Written by: Alvaro Sanchez Sanchez, Senior Associate
It’s never been more clear that Latinos are poised to have a dramatic influence on the direction of this country. The growing influence of Latinos is ensuring that we not only have a seat at the table—but are influencing the outcome of the debate.
At the Congressional Hispanic Caucus Institute’s Public Policy Conference last week, Representative Robert Menendez reminded that crowd that the reason Latinos are in a position of influence is directly related to the contributions they’ve already made throughout our country’s history—from fighting in the U.S. War for Independence to Sonia Sotomayor being selected to serve in the U.S. Supreme Court.
“It’s time to be proud of our history, to talk about it and to realize that we have to stop talking about what we will contribute in the future and celebrate what we already have contributed,” he said.
Today, as the fastest-growing minority in America, Latino voices matter more than ever. We will help decide whether or not America creates green jobs and a healthy, prosperous clean energy future. A recent poll showed that nearly 90 percent of Latino voters support clean energy over fossil fuels. Our votes matter—but only if we use them.
Looking towards the future, CHCI largely focused on the elections and turning out Latino voters in larger numbers in order to influence Immigration, Economic, Education and Healthcare policy—the four most pressing issues for Latinos.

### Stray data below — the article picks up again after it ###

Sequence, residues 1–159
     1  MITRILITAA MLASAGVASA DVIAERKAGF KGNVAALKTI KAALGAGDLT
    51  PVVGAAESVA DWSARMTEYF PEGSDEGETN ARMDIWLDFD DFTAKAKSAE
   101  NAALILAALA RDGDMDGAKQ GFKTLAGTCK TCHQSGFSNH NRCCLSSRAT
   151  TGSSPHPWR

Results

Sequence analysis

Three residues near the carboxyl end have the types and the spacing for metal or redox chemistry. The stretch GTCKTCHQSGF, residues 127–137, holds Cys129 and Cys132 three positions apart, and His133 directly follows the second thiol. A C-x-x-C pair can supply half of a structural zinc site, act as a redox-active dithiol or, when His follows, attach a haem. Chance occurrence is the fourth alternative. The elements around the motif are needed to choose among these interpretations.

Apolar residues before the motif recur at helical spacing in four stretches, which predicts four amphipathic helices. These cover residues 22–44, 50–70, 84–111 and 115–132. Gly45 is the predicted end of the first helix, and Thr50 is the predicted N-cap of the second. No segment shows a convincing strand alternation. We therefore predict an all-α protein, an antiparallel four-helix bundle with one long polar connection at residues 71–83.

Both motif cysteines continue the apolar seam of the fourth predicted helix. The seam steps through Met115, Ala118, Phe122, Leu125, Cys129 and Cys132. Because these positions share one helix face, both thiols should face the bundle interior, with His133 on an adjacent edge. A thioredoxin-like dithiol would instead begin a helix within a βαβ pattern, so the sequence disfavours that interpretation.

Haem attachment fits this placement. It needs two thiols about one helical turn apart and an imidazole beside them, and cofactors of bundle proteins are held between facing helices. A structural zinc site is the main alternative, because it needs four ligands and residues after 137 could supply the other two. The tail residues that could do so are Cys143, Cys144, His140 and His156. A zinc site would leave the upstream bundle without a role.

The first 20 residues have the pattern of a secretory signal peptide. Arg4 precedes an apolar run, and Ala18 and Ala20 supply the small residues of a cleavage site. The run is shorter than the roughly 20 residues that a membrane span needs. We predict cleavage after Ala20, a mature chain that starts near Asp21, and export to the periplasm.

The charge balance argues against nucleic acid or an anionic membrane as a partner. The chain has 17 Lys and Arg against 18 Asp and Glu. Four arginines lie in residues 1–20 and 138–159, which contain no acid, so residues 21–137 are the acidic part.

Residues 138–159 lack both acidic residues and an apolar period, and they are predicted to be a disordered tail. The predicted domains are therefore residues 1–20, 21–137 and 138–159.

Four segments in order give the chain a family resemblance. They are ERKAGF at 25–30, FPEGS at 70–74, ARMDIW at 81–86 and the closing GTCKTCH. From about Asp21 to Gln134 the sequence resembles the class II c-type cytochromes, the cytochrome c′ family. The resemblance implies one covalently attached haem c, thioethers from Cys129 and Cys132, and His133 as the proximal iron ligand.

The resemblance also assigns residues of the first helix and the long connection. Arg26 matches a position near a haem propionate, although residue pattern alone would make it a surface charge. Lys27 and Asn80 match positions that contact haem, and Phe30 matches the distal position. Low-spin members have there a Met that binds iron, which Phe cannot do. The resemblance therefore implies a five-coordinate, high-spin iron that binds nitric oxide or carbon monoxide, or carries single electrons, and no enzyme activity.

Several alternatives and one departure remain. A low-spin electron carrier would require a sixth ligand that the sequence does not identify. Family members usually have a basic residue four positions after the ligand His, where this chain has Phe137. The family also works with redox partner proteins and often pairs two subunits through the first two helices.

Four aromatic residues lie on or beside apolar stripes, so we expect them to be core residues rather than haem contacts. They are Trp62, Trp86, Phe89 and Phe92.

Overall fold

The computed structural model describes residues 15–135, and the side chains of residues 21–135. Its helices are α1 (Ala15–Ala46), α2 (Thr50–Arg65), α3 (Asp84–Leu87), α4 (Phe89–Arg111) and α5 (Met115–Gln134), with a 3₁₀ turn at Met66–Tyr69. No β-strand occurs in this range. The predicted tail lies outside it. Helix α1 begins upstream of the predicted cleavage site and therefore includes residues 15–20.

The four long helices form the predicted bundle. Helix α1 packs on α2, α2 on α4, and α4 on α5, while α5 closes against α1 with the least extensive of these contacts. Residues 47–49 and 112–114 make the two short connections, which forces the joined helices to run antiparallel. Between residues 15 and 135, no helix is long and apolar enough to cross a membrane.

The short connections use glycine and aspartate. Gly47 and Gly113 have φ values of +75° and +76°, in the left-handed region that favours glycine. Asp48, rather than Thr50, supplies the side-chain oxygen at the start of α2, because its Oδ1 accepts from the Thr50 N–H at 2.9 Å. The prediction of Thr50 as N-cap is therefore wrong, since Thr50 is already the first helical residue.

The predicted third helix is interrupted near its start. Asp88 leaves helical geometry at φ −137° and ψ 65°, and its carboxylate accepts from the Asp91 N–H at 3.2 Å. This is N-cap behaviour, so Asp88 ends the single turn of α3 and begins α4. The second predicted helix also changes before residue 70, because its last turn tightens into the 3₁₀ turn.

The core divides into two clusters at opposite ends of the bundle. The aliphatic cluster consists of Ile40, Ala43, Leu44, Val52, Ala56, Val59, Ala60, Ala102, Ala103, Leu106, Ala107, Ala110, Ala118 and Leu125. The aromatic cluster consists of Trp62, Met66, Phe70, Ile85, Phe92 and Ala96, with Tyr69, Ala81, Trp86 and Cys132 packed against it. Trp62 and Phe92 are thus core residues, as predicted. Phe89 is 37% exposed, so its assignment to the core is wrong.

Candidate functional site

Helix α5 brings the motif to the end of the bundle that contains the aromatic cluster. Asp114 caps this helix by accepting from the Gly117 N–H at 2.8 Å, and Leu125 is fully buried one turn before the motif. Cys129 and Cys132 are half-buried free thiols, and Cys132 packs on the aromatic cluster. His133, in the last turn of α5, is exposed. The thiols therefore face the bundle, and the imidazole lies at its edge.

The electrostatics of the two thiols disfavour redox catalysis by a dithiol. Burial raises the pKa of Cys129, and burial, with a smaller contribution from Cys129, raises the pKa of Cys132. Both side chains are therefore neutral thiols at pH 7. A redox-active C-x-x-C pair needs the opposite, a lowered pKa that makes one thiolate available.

Dr. Matt Barreto, Co-founder of Latino Decisions pointed out that Latino Americans have a history of successfully organizing and mobilizing their community—a tradition that continues today.
Legendary organizer Dolores Huerta encouraged door-to-door canvasing and voter registration, while contemporary personalities like actress America Ferrera and Black Eyed Peas group member Taboo have encouraged the use of social media tools to reach out to younger voters.
The common thread among all CHCI speakers was a call for Latino Americans to be more active and engaged citizens. Despite increasing electoral influence, the reality is that there are millions of Latinos who do not use their vote, even though they meet the requirements to register. Out of 23.6 million Latinos who are eligible to vote, only 12 million are expected to vote in the 2012 Presidential Election.
If Latinos want to cast our influence beyond consumer power—if we hope to effectively shape the future of our country and create a healthier, more sustainable and prosperous world for us all—we need to be active citizens—and that starts with voting.
Telemundo has launched a new, interactive web site designed to help voters register and provide voter information. Click here for more information.